When we bought our house and my son was younger I had an idea that finally I could build an HO scale model railroad. Living in apartments had always made this desire seem temporary. I made a table for it in our front room. It was a large table and made moving around in the room difficult. I bought stuff, switches, lights, locomotives, neat railroad cars. I had an idea to expand on the White Mountain Central Railroad and to incorporate a cog rail system, an expansion of railroad as historic theme park. I meticulously assembled a few buildings and made them look old and weathered. I am proud of my ability to make model buildings look old and weathered. I laid track. We are near the Atlantic ocean and I learned that some kinds of track simply corrode in the salt air all by themselves. In the honorable tradition of our family, and seeing as my son did not seem to be equally infected with the railroading bug, and my working long hours, I stopped in mid stride.

I took up reading books about the demise of the American railroad system, quite an interesting story, actually. Books have beginnings and thankfully endings. When you end a book not many people take notice. When you do not quite end a model railroad layout it tends to linger. We continue to have remnants of that model project waiting in our background.


Steam Town is very kool, something of a large layout, but Railroad Tycoon, the computer game, taught me so much. It provided a simulation of ever increasing complexity of supply-demand pressures that build up to a point that suddenly everything collapses in a cascade of chaotic confusion. It gave me the idea to monitor our historic restoration business with real-time progress graphs -- up until 9/11 at least when all the emphasis seemed to switch over to airplanes. It also made the current economic recession seem fairly apparent as it approached, and the cascading collapse of our business and personal economic situation seems so, well, easily anticipated. We need to quit the game and start over fresh. I think next time I will concentrate on the lumber trade up near Montreal.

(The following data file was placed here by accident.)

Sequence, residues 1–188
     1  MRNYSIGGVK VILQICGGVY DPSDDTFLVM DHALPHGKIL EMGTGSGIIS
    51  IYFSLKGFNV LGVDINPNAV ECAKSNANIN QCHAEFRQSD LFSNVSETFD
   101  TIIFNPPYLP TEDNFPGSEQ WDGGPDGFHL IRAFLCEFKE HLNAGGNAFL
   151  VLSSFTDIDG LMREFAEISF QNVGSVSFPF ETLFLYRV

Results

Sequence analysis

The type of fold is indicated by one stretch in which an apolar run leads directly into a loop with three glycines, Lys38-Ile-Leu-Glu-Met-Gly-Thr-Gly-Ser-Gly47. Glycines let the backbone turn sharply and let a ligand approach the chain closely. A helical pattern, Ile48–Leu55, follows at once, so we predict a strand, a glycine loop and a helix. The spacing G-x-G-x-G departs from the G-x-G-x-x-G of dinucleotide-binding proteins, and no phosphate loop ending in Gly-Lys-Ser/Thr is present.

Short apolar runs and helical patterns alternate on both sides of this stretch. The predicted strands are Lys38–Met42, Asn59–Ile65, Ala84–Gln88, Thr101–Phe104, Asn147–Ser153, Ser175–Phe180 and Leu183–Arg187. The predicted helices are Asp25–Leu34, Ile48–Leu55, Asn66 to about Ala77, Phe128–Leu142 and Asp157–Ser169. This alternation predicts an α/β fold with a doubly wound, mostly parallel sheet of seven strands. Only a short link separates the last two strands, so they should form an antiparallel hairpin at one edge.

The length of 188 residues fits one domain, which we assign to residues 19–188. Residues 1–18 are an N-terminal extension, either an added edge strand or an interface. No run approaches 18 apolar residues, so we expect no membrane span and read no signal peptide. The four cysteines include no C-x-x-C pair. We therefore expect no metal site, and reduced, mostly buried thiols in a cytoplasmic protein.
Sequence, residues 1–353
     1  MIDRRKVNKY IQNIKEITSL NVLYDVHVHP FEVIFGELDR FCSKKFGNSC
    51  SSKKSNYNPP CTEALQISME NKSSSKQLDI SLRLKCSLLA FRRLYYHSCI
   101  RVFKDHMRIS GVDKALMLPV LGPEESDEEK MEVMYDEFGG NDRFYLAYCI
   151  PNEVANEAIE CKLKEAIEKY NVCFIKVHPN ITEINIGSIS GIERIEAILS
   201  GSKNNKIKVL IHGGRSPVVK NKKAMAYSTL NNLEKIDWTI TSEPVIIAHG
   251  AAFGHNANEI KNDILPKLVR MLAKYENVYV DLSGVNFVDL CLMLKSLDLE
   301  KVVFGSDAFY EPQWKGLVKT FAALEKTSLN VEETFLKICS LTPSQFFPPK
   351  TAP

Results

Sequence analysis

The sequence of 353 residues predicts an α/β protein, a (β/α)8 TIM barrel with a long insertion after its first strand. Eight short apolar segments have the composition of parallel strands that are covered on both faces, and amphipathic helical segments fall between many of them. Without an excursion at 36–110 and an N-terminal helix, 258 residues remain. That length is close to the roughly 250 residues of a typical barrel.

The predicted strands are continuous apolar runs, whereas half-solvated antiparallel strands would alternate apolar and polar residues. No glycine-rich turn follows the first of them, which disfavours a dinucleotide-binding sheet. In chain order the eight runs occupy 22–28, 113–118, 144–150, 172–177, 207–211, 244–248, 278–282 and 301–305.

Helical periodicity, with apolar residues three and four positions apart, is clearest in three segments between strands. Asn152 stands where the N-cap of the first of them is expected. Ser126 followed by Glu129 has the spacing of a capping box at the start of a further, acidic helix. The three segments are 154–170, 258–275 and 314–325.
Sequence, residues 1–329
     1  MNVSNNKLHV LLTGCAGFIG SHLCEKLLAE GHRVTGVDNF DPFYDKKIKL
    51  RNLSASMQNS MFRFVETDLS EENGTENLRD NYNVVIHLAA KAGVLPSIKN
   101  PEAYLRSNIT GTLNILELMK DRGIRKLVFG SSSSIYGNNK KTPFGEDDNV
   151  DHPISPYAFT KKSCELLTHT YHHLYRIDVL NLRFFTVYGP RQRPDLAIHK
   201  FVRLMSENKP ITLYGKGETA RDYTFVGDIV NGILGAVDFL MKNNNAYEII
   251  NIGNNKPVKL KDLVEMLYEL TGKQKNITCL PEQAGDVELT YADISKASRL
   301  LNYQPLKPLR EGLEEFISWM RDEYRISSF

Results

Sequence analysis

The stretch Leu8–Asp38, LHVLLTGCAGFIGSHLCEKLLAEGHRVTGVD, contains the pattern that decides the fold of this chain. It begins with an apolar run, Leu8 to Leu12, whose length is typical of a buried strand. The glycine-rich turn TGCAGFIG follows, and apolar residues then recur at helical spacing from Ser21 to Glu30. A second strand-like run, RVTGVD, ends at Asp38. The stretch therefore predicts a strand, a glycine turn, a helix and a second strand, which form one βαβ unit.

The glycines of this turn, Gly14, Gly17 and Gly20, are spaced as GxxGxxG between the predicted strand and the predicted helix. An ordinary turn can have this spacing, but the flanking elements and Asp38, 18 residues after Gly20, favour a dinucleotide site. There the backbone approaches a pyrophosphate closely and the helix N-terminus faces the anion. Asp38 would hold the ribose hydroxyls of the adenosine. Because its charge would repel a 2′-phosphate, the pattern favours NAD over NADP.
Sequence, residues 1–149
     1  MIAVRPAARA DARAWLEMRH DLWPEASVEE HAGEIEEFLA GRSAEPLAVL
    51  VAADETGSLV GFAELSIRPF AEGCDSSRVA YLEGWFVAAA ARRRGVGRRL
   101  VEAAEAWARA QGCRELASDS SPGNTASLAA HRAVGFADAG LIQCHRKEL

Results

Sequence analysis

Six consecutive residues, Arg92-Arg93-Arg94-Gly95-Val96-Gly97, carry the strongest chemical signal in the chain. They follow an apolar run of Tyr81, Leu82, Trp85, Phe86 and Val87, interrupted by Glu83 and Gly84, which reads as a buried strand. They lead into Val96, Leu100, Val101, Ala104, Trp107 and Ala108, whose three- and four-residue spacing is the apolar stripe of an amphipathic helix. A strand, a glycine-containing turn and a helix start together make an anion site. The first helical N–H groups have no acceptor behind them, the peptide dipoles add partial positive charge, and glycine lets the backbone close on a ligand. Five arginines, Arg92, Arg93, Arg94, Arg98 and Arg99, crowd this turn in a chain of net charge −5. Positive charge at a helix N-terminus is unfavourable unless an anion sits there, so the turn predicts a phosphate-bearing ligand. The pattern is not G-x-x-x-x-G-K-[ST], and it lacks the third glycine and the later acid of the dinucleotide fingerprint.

I met an old feller in a railroad museum in Altoona one day and when he inquired about my wandering around railroad experience I wanted to be more brief in a few words than here... he was a bit nonplussed that I got my railroading off a computer screen.


My second most memorable railroad experience was when I took the train from Chicago to New York expressly so that I could ride through Horseshoe Curve. I had been to visit the curve via automobile in the past, and my wife and son seemed a bit sleepy while I wanted to see one more train, just one more, please? So, though the trip was a long one and I had to sleep in my seat the penultimate experience was a very short one. I do remember looking out the window with my eyes and mouth open as we went around.


My least favorite railroad experience was on a cold and snowy winter day when a LIRR (Long Island Rail Road) train that I was a passenger on hit a car stopped at a crossing and killed all five family members in it. I have only been on a few trains that have ran into people [and when I am told that nuclear power is safe then I always wonder when the trains will stop hitting each other in the news]. We had to sit there for three hours and did not even get to see anything.

But I am also reminded of the celebratory drunk fellow on one pre-Christmas ride on the LIRR who when he realized he was on his way to Montauk lamented that he had meant to go to Philadelphia.